This idea makes the spatial Fourier transform very natural in the study of waves, as well as in quantum mechanics, where it is important to be able to represent wave solutions either as functions either of space or momentum and sometimes both. In general, functions to which Fourier methods are applicable are complex-valued, and possibly vector-valued. Still further generalization is possible to functions on groups, which, besides the original Fourier transform on ℝ or ℝn (viewed as groups under addition), notably includes the discrete-time Fourier transform (DTFT, group = ℤ), the discrete Fourier transform (DFT, group = ℤ mod N) and the Fourier series or circular Fourier transform (group = S1, the unit circle ≈ closed finite interval with endpoints identified). The latter is routinely employed to handle periodic functions. The Fast Fourier transform (FFT) is an algorithm for computing the DFT.

Joseph Fourier showed that any periodic wave can be represented by a sum of simple sine waves. This sum is called the Fourier Series. The Fourier Series only holds while the system is linear. If there is, eg, some overflow effect (a threshold where the output remains the same no matter how much input is given), a non-linear effect enters the picture, breaking the sinusoidal wave and the superposition principle.

```
# Sine waves
xs <- seq(-2*pi,2*pi,pi/100)
wave.1 <- sin(3*xs)
wave.2 <- sin(10*xs)
par(mfrow = c(1, 2))
plot(xs,wave.1,type="l",ylim=c(-1,1)); abline(h=0,lty=3)
plot(xs,wave.2,type="l",ylim=c(-1,1)); abline(h=0,lty=3)
# Complex Wave
wave.3 <- 0.5 * wave.1 + 0.25 * wave.2
plot(xs,wave.3,type="l"); title("Eg complex wave"); abline(h=0,lty=3)
```

```
wave.4 <- wave.3
wave.4[wave.3>0.5] <- 0.5
plot(xs,wave.4,type="l",ylim=c(-1.25,1.25))
title("overflowed, non-linear complex wave")
abline(h=0,lty=3)
```

Also, the Fourier Series only holds if the waves are periodic, ie, they have a repeating pattern (non periodic waves are dealt by the Fourier Transform, see below). A periodic wave has a frequency f and a wavelength λ (a wavelength is the distance in the medium between the beginning and end of a cycle, λ=v/f0, where v is the wave velocity) that are defined by the repeating pattern. A non-periodic wave does not have a frequency or wavelength.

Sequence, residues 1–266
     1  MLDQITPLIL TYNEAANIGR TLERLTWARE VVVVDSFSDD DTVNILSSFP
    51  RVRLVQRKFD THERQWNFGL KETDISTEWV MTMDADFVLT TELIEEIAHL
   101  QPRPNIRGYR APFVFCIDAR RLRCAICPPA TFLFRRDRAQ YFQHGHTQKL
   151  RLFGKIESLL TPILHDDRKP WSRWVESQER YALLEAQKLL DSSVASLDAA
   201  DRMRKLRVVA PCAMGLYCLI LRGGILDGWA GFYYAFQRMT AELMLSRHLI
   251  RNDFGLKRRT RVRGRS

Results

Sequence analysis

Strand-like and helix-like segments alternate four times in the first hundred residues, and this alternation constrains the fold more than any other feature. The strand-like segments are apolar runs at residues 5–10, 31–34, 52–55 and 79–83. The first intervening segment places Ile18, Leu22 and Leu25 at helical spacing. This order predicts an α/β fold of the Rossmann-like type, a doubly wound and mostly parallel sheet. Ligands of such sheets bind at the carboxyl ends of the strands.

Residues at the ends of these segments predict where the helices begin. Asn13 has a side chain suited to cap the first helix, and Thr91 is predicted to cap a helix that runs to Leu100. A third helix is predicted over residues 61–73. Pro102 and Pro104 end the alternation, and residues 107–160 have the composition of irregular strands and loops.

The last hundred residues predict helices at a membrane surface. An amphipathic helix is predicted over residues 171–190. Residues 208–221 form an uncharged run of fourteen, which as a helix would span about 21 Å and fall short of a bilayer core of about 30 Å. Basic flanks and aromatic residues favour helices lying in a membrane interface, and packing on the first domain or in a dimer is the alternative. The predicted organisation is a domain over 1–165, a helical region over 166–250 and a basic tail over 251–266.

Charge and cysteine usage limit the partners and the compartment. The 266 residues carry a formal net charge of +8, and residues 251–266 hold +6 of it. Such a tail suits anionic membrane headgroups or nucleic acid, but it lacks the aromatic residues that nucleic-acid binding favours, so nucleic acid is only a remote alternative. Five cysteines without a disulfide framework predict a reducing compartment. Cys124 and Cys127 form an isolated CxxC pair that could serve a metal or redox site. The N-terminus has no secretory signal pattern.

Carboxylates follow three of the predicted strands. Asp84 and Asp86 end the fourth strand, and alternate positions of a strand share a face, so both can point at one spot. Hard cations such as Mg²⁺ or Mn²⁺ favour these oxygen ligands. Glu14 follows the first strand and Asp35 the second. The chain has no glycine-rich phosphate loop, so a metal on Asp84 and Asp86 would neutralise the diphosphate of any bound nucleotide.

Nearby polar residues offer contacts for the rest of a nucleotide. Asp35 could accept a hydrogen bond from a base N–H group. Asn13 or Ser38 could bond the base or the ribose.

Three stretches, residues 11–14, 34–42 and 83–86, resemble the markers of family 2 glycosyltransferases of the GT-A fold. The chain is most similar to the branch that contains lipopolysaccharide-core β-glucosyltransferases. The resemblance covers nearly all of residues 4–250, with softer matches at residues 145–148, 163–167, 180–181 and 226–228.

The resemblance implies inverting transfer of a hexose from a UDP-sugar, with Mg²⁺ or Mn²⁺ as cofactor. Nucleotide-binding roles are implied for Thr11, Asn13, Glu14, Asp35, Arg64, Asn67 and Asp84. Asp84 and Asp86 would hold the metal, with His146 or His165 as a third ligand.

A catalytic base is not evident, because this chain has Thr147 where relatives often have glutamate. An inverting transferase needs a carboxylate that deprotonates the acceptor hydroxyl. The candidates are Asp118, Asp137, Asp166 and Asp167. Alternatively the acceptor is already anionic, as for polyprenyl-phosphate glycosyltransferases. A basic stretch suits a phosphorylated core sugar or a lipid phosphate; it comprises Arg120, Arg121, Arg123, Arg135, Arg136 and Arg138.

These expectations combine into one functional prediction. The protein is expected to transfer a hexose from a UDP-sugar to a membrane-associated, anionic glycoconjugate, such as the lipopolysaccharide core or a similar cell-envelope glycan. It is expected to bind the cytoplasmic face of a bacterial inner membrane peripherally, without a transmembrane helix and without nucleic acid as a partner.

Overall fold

Some concepts:

- The fundamental period, T, is the period of all the samples taken, the time between the first sample and the last
- The sampling rate, sr, is the number of samples taken over a time period (aka acquisition frequency). For simplicity we will make the time interval between samples equal. This time interval is called the sample interval, si, which is the fundamental period time divided by the number of samples N. So, si=TN
- The fundamental frequency, f0, which is 1T. The fundamental frequency is the frequency of the repeating pattern or how long the wavelength is. In the previous waves, the fundamental frequency was 12π. The frequencies of the wave components must be integer multiples of the fundamental frequency. f0 is called the first harmonic, the second harmonic is 2∗f0, the third is 3∗f0, etc.

```
repeat.xs <- seq(-2*pi,0,pi/100)
wave.3.repeat <- 0.5*sin(3*repeat.xs) + 0.25*sin(10*repeat.xs)
plot(xs,wave.3,type="l")
title("Repeating pattern")
points(repeat.xs,wave.3.repeat,type="l",col="red");
abline(h=0,v=c(-2*pi,0),lty=3)
```

Here’s a R function for plotting trajectories given a fourier series:

```
plot.fourier <- function(fourier.series, f.0, ts) {
w <- 2*pi*f.0 trajectory <- sapply(ts, function(t) fourier.series(t,w))
plot(ts, trajectory, type="l", xlab="time", ylab="f(t)");
abline(h=0,lty=3)}
```